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Policy

Stringent new requirements for classroom libraries have teachers up in arms.

Few things are more integral to a child's future successes than developing the skill and habit of reading. Study after study has shown that reading, even for pleasure, helps kids develop critical thinking skills, improve their vocabulary, increase their ability to understand others and more. Reading can even helps kids do better in math.

Because reading is such a vital learning tool, one would think caring parents would want schools to support kids reading however they can. That support might look like full, rich school libraries and classrooms full of books that kids can choose from when they have some downtime.

But a push for extreme censorship, fueled by politicians who see an opportunity to garner support through fear, has put teachers with large classroom libraries into impossible positions.

In a Facebook post that's been shared more than 19,000 times, an elementary school teacher in Texas has detailed how her state's new regulations on books in the classroom have made it virtually impossible to offer students the class library she's been building for more than a decade. Emily Clay shared a photo of several shelves filled with bins of books.

"Here is my classroom library," she wrote. "This is over 1,600 books chosen for my elementary students. This is over a decade and thousands of dollars and countless donations of collecting. This is my students’ favorite place to go in my classroom. This is where I go when I have a reluctant reader to find something just right to spark their interest.

"According to the state of Texas, this is dangerous. This is a place where children may be indoctrinated or exposed to inappropriate content. This is just one more area where teachers cannot be trusted as educational experts. This is a battleground."

Clay shared that every teacher in her district now has to go through a tedious process that starts with entering the title, author and year published for every single book in their classroom into a spreadsheet. "Then we have to go through a painstaking process to vet each and every book---even if we’ve read them, even if we grew up reading them---to make sure that 'real experts' have determined that the book content is appropriate for the age level we teach, and also enter that data," she wrote.

This summer, Clay scanned all of her classroom books into her own library system—a process that only required a barcode scan of each book. That alone took six hours, she said. There's no way she could process each book and enter the details into a spreadsheet the way the policy requires within any reasonable amount of time. Even if each book took just three minutes to process, it would take 80 hours to enter her entire 1,600-book library. No teacher has even a fraction of that amount of time. And they are supposed to have this process completed by November.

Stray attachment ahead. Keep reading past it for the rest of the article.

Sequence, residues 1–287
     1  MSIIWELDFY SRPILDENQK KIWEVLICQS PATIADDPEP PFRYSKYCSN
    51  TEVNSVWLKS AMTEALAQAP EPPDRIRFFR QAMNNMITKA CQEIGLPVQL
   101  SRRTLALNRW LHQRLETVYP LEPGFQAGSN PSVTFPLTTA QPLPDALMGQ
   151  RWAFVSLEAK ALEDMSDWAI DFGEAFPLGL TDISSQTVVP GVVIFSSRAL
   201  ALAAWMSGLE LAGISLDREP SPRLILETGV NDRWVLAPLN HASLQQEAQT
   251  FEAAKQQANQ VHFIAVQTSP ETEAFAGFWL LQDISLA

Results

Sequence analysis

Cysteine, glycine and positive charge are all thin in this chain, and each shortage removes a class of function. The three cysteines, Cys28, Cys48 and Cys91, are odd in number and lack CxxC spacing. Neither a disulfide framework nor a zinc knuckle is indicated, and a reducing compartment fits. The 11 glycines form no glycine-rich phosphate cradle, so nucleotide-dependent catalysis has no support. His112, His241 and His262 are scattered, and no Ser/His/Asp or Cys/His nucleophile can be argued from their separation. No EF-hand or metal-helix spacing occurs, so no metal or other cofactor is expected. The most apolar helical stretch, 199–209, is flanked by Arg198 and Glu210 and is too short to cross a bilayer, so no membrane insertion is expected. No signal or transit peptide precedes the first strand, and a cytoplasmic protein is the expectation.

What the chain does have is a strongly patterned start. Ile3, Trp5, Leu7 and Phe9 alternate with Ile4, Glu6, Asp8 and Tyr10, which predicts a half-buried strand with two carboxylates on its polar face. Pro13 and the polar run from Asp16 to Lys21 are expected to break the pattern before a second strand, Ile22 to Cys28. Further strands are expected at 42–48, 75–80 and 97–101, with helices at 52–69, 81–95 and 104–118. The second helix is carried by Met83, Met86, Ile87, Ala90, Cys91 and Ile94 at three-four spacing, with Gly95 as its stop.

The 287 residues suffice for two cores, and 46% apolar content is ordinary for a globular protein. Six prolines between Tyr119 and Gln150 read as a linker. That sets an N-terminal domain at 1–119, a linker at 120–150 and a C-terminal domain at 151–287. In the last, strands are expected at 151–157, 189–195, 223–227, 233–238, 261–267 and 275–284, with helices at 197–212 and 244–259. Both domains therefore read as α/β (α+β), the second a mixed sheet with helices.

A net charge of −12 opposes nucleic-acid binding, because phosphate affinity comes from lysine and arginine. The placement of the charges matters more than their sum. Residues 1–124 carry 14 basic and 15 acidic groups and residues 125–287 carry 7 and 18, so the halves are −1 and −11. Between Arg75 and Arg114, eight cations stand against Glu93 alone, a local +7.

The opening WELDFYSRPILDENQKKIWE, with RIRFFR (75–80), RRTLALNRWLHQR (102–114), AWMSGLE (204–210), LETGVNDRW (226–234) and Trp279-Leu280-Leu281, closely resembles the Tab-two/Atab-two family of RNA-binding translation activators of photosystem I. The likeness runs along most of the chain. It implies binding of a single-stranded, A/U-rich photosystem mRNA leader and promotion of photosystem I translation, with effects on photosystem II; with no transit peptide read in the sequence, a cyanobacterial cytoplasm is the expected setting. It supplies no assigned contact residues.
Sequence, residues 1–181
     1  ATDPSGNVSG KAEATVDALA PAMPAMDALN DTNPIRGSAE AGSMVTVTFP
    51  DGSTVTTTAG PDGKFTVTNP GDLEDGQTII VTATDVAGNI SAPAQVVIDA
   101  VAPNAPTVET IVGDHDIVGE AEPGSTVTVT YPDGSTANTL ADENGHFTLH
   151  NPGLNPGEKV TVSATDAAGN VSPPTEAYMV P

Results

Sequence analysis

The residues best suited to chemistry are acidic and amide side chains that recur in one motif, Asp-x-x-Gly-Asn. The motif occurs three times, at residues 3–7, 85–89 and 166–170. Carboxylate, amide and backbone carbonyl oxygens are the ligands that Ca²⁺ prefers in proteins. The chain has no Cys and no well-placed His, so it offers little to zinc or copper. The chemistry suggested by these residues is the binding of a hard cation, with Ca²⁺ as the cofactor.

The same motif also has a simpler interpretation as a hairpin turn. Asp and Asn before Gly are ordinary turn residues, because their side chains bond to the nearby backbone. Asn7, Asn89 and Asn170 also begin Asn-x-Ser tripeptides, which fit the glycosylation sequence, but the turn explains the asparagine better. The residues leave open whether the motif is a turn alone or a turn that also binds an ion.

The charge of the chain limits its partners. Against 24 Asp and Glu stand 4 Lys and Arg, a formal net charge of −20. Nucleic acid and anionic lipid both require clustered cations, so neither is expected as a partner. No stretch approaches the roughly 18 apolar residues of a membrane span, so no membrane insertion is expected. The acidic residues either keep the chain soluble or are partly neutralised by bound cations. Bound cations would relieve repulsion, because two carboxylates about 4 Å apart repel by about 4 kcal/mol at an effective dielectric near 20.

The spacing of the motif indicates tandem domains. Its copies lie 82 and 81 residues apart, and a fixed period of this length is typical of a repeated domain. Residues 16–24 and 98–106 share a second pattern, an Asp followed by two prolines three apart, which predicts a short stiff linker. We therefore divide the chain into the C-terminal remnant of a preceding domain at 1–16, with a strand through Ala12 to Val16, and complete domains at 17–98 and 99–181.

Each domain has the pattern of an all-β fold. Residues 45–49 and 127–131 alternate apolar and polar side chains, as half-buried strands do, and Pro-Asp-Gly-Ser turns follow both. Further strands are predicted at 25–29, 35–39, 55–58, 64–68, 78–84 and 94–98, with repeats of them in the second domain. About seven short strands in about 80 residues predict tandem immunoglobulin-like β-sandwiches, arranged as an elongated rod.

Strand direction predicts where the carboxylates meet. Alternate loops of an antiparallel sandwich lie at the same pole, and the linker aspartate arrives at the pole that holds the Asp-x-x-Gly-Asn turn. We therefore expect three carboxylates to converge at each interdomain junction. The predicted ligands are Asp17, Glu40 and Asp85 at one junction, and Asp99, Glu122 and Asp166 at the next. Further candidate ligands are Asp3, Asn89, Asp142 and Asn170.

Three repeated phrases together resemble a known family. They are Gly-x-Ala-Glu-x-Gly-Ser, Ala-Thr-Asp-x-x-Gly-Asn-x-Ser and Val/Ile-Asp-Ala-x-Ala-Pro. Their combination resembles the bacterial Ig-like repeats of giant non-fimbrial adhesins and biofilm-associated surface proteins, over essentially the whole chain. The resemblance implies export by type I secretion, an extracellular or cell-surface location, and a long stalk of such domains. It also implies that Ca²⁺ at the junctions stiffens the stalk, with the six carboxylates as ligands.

"So what am I going to do?" she wrote. "I already don’t have on-contract time to do all the things we are required to do. What I’m going to do is box up every one of these books and put them away. And these shelves will be bare. I won’t be the only one putting away all of my books. Classrooms across Texas will be bare of libraries because of this.

"I ugly-cried this morning. One of my favorite things about my job is getting emails from parents telling me how enthusiastically their child is now reading at home.

"How are kids going to learn to love to read if they can’t hold books in their hands? Putting barriers between kids and books is one of the worst things I can think of."

Roadblocking classroom reading material is especially harmful to low-income students, who may have few, if any, books at home to read.

As Clay points out in her post, kids already have access to all of the things parents are afraid they might see in a book right at their fingertips with smartphones, tablets and computers. Books aren't the enemy here.

"Sure, there are some vigilant parents who make sure their children are never exposed to anything they don’t want them to see," Clay wrote. "And while these parents could have chosen to take their kids to the public libraries themselves and choose books they deem appropriate, instead they chose to raise up their voices against teachers like me and decide that everyone’s child should be restricted; every child should have to live up to whatever standards they have chosen for their own children. They've made it clear they think we're all in this profession to tarnish and brainwash their children. This TINY minority of people are the ones who are making things like this happen. And just like with everything else in our under-funded, under-respected, over-worked, under-paid, under-staffed industry, we're probably all going to roll over and take it."